What are the major drawbacks?
1. No app compatibility with Windows 7 (or 8) based on x86 processors. Intel makes a big deal of this because it is, of course, in its interest for this ARM version of Windows to have zero success. The argument is that “enterprise apps” won’t work on this new ARM-based Windows 8.
That’s true — for some. But what if all you need is Microsoft Office plus a browser? Then these new ARM-based PCs would be better for many users, compared with their x86 counterparts, built on Intel and AMD.
2. Gaming and external performance. It is unlikely to rival the larger, more discrete PC systems. But then again, this comparison may be unfair.
3. Outlook. Windows 8 on ARM will have Word, Excel and PowerPoint — but apparently not Outlook. Are these people serious? This omission sounds a lot like when BlackBerry launched its PlayBook tablet without email. If Outlook is not provided for Windows 8 on ARM, the whole thing looks like sabotage to me. For many users, enterprise in particular, Outlook remains the remaining reason to stick with a non-Google Chromebook PC/laptop platform. If Windows 8 on ARM lacks Outlook, it will remain a toy until it gets it. BlackBerry eventually added email to the PlayBook as well — after a one-year disaster.
People use Outlook because they have closer to 25,000 contacts than 250, and they need to organize these in an Excel-like format where columns need to be heavily customized for viewing and sorting in specialized manners. Any simpler implementation is a toy, unsuitable for serious contact databases.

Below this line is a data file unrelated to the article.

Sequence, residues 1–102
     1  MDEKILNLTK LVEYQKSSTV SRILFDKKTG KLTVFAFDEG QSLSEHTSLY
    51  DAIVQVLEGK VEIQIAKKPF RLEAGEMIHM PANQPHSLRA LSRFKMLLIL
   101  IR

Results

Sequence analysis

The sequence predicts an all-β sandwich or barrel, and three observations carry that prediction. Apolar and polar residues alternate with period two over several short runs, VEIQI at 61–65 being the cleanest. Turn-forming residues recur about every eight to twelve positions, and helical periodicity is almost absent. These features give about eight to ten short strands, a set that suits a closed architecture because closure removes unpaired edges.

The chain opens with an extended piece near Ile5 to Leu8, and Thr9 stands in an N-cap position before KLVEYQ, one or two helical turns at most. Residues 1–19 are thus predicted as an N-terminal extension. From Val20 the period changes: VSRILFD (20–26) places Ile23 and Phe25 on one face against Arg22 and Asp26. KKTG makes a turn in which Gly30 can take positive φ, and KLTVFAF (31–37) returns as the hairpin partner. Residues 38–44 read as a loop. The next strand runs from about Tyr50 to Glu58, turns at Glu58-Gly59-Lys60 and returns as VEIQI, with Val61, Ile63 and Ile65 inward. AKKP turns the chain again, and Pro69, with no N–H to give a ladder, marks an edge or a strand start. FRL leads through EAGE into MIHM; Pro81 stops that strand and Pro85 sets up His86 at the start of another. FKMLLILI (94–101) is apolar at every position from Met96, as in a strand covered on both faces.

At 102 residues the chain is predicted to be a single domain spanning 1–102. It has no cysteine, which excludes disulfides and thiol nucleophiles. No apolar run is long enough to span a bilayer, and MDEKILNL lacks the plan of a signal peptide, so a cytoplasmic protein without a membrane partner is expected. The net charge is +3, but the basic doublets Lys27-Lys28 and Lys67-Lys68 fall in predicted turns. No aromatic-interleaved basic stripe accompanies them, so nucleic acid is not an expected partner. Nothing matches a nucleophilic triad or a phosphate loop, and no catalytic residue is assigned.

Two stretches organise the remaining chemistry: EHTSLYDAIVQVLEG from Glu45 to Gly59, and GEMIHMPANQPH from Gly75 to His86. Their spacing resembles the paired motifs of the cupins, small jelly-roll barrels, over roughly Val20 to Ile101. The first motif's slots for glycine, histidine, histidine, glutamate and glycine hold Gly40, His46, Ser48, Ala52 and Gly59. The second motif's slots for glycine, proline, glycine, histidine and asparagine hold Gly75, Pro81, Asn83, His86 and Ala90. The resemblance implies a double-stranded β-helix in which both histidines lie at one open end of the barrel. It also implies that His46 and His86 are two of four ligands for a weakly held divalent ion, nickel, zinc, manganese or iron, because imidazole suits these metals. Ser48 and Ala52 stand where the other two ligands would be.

That said, what will be the market impact of Windows 8 on ARM? There are two ways of looking at this:
1. Compared with a “regular” x86 Windows 8 laptop: Many users will prefer the ARM version because it will:
(a) Be thinner
(b) Be lighter
(c) Have better battery life
(d) Be more secure and easier to manage
(e) Be cheaper
(f) Have instant-on boot-up
Only people with particular legacy application needs, including gamers, will remain on x86 Windows 8. In addition, the same goes for Outlook users, assuming that issue isn’t remedied.
2. Compared with an Apple MacBook, pretty much the same as in (1), but with greater emphasis on price and perhaps less emphasis on security and manageability.
Here is the really big question for Windows 8 on ARM, aside from its “oops, let’s shoot ourselves in the foot” with the missing Outlook issue: If you buy the security and manageability argument, and you are happy with the compatibility between Google Docs/Drive and the Microsoft Office suite, why don’t you just take the full step and go with a Google Chromebook instead?